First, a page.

Eletropaulo profit jumps nearly five-fold on excess power sales
RIO DE JANEIRO Nov 5 (Reuters) - Eletropaulo Metropolitana SA, the Brazilian utility controlled by U.S. power company AES Corp, said on Wednesday that third-quarter profit rose nearly five-fold as the company sold excess energy on the spot market at prices driven higher by drought.
Net income jumped to 130.6 million ($52 million) reais in the quarter from 27 million reais a year earlier, the Sao Paulo-based company said in a statement filed with Brazil's securities regulator, the CVM. The third-quarter profit also reversed a second-quarter loss of 354.4 million reais.
Net sales rose 32 percent from a year earlier to 2.93 billion reais, boosted by higher prices paid for excess power on Brazil's spot market. Prices have soared in the last year as Brazil suffered through its worst drought in 80 years.
The drought has caused water levels in hydroelectric reservoirs to shrink to their lowest levels in at least 15 years, forcing the use of higher-priced power from natural gas and petroleum.
With about two-thirds of Brazil's power normally coming from cheap hydroelectricity, the scarcity caused by the drought drove the price of hydro alternatives higher still.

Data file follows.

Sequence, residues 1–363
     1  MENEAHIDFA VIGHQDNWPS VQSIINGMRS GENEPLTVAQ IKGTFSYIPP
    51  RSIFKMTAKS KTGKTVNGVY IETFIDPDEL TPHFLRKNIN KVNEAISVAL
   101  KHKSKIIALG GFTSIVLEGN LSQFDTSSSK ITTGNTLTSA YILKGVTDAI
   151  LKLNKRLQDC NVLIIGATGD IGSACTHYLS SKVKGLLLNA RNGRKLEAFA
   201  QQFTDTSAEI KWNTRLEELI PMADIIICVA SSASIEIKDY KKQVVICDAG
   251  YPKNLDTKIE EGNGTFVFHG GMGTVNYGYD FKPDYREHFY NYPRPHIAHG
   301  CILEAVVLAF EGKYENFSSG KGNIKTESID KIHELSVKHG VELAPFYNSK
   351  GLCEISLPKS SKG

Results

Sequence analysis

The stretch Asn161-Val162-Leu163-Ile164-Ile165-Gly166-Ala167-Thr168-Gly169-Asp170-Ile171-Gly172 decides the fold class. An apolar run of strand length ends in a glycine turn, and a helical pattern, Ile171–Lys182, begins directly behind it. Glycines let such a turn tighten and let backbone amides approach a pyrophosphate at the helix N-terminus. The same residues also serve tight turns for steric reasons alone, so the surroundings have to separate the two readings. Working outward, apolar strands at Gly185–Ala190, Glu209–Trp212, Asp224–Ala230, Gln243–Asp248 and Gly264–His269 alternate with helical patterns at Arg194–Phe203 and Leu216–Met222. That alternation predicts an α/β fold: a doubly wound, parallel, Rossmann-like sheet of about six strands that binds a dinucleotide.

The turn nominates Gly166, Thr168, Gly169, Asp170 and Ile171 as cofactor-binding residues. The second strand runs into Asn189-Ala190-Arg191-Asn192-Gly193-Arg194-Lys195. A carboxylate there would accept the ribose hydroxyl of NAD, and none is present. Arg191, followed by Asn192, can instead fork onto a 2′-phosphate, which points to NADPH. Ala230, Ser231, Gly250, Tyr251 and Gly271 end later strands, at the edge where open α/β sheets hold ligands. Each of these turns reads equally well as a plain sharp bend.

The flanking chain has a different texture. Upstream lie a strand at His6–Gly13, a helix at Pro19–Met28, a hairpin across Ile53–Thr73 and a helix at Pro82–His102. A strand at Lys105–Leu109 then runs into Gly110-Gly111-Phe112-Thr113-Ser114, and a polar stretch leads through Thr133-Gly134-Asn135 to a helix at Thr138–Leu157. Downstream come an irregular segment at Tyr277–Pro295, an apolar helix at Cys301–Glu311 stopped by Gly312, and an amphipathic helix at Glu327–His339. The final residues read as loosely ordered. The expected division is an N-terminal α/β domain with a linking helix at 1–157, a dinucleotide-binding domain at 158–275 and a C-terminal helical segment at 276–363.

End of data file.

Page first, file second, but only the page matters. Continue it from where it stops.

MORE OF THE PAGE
The soaring costs have pushed Brazilian utilities and power generators without secure access to alternative power to near bankruptcy and have forced the government to come up with more than $13 billion in emergency loans to help the affected companies pay for power.
As a result, the Brazilian electricity sector has lost its financial independence and is now dependent on Brazil's Treasury, the head of the country's federal audit court said on Oct. 1.
Eletropaulo, which serves more than 20 million people in Metropolitan Sao Paulo, South America's largest and most industrialized urban area, was forced to pay more for some power. But a slower economy and weak industrial activity during the 2014 soccer World Cup allowed the company to sell surplus power at profit.
It had a surplus because it had contracts to buy 5.2 percent more energy for clients in its service area than it actually needed in the third quarter. Continuación...